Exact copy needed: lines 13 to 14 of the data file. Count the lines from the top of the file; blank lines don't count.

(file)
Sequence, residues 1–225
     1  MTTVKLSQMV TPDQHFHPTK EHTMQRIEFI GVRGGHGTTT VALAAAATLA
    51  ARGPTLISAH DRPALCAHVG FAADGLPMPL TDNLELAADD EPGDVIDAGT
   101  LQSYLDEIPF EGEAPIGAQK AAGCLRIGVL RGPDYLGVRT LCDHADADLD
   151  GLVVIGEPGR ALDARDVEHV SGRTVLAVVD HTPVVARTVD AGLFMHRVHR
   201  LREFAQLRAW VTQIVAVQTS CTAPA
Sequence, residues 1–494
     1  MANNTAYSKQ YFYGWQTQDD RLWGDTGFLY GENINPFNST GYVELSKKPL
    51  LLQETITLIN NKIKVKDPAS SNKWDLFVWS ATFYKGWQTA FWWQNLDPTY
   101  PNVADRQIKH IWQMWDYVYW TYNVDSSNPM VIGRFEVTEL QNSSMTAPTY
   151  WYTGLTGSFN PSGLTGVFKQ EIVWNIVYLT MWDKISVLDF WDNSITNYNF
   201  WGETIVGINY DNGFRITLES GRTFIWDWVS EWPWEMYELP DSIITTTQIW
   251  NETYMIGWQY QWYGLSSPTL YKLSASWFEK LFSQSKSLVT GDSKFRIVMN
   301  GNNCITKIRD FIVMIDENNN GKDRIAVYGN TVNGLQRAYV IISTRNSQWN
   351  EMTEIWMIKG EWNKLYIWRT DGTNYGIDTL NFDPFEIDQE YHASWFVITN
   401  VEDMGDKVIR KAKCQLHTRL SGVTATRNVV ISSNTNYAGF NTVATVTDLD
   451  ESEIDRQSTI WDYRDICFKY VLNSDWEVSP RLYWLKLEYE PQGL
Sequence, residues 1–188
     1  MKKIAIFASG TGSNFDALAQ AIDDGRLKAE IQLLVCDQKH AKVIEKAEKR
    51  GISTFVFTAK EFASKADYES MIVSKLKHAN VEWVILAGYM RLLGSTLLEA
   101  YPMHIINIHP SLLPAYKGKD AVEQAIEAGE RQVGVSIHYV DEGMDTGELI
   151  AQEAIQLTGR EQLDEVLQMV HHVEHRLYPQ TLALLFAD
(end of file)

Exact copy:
   251  NETYMIGWQY QWYGLSSPTL YKLSASWFEK LFSQSKSLVT GDSKFRIVMN
   301  GNNCITKIRD FIVMIDENNN GKDRIAVYGN TVNGLQRAYV IISTRNSQWN